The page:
An agreement between Israel and Sudan on steps toward normalization of diplomatic ties is expected to be announced later on Friday, a senior U.S. official said.
President Donald Trump’s decision earlier this week to remove Sudan from the U.S. list of state sponsors of terrorism helped pave the way for Khartoum to become the latest Arab state to reach a deal on rapprochement with Israel, the official told Reuters, speaking on condition of anonymity.
It would mark a new foreign policy achievement for Trump as he seeks re-election on Nov 3 trailing in opinion polls behind Democratic rival Joe Biden.
Trump announced on Monday he would take Sudan off the terrorism list once it deposited the $335 million it had pledged to pay in compensation. Khartoum has since placed the funds in a special escrow account for victims of al-Qaeda attacks on U.S. embassies in Kenya and Tanzania in 1998.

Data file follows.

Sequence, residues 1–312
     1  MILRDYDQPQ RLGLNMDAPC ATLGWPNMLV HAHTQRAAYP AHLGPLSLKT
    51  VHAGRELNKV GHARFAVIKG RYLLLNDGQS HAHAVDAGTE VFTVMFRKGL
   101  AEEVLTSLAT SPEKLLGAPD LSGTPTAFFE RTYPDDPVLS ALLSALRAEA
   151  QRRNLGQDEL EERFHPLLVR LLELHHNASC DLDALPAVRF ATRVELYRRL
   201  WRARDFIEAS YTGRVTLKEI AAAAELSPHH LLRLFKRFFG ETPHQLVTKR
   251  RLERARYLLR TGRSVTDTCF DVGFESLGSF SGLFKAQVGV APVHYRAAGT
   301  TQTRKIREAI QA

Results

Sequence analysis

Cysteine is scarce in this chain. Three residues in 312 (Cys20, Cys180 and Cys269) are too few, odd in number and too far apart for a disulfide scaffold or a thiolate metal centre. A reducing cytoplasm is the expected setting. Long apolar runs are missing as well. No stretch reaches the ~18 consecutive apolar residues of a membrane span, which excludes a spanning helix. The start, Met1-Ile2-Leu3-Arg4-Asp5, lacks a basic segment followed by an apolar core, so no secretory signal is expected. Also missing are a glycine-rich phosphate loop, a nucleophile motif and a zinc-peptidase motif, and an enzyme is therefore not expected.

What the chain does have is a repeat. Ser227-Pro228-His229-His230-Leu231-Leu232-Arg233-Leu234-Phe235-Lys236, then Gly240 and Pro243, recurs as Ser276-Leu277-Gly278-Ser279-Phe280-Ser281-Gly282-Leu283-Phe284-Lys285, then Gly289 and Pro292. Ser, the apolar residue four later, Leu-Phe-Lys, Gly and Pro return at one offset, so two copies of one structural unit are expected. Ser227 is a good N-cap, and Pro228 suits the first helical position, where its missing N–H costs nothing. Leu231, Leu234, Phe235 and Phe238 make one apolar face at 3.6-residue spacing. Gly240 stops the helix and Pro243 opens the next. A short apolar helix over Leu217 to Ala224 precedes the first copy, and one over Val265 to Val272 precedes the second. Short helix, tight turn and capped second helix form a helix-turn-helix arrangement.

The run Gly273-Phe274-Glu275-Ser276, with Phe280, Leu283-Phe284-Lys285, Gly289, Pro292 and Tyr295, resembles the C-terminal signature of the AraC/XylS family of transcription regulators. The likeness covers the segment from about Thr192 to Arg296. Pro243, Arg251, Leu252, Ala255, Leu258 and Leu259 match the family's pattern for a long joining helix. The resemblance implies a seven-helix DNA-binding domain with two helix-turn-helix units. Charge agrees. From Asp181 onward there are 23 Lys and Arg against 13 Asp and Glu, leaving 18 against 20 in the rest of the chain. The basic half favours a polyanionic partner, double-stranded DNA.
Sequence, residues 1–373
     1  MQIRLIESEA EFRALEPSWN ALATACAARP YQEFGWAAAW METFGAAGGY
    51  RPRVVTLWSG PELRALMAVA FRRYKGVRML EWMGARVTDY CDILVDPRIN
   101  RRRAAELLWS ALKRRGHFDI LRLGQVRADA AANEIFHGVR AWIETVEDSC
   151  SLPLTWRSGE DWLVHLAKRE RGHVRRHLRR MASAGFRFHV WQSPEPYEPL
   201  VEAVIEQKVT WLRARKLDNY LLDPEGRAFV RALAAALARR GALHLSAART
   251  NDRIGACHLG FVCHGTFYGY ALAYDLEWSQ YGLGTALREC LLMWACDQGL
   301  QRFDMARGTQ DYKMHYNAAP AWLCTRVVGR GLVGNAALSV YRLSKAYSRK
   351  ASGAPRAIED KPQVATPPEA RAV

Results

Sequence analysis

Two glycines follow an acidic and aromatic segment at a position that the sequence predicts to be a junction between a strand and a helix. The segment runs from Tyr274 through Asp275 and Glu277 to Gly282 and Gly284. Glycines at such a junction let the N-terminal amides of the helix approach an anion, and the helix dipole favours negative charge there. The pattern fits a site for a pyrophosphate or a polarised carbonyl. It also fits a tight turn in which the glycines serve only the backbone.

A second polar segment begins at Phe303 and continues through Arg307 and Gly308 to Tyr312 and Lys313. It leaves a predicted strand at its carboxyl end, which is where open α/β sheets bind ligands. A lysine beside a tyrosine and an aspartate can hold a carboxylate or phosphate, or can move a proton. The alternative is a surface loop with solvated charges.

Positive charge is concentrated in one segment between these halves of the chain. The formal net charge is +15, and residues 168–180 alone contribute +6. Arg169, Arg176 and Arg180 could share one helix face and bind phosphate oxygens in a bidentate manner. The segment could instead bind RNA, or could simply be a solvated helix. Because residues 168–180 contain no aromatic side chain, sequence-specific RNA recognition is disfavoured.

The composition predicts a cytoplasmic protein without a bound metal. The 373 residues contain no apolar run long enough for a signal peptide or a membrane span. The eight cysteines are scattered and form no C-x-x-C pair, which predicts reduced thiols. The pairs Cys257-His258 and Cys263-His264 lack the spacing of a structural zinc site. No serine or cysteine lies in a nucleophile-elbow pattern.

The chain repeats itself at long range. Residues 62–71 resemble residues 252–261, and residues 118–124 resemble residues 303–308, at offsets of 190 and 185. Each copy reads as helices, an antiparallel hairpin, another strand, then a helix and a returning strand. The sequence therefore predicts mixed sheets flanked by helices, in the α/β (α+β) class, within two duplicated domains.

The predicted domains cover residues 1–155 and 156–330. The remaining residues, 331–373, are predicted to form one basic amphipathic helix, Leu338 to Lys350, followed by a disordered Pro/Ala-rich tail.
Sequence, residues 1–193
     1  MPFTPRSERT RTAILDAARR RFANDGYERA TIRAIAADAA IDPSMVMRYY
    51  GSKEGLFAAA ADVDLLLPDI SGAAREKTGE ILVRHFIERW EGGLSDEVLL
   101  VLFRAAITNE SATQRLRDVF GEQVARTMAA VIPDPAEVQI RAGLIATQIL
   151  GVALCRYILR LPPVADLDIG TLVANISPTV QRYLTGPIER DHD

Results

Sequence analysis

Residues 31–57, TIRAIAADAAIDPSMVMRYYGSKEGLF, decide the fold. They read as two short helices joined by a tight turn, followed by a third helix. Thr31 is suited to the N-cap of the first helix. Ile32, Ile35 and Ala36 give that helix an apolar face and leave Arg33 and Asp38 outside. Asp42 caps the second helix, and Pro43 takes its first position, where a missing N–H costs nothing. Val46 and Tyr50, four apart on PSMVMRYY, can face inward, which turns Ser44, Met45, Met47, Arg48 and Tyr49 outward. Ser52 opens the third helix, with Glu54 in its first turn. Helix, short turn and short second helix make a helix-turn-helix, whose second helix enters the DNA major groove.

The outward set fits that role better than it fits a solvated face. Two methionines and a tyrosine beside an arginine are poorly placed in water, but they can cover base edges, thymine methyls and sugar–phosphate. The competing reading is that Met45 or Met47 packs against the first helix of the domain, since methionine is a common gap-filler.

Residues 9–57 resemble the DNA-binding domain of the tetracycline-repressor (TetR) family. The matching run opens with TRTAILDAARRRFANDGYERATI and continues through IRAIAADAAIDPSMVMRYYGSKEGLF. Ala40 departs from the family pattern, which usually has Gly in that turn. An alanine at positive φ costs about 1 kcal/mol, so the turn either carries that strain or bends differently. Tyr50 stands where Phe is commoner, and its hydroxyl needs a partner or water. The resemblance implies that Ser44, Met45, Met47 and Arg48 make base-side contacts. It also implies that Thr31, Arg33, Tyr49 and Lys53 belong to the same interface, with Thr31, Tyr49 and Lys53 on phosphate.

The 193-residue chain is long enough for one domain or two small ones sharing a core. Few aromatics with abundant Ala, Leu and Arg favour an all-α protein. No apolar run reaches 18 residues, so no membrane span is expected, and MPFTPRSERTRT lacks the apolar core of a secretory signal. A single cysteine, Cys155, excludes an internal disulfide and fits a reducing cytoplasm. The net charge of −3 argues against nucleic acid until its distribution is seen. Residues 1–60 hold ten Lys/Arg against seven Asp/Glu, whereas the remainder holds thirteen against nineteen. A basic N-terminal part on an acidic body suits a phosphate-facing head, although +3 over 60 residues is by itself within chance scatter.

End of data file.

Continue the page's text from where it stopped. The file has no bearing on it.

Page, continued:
At the same time, Trump’s aides have been pressing Sudan to take steps toward normalizing relations with Israel, following similar U.S.-brokered moves in recent weeks by the United Arab Emirates and Bahrain.
A key sticking point in the negotiations was Sudan’s insistence that any announcement of Khartoum’s delisting from the terrorism designation not be explicitly linked to establishing ties with Israel.
The military and civilian leaders of Sudan’s transitional government have been divided over how fast and how far to go in establishing ties with Israel.
The agreement to be announced between Israel and Sudan is expected to commit to initial steps toward normalization, with issues such as an exchange of ambassadors and embassies to be resolved later, the senior U.S. official said.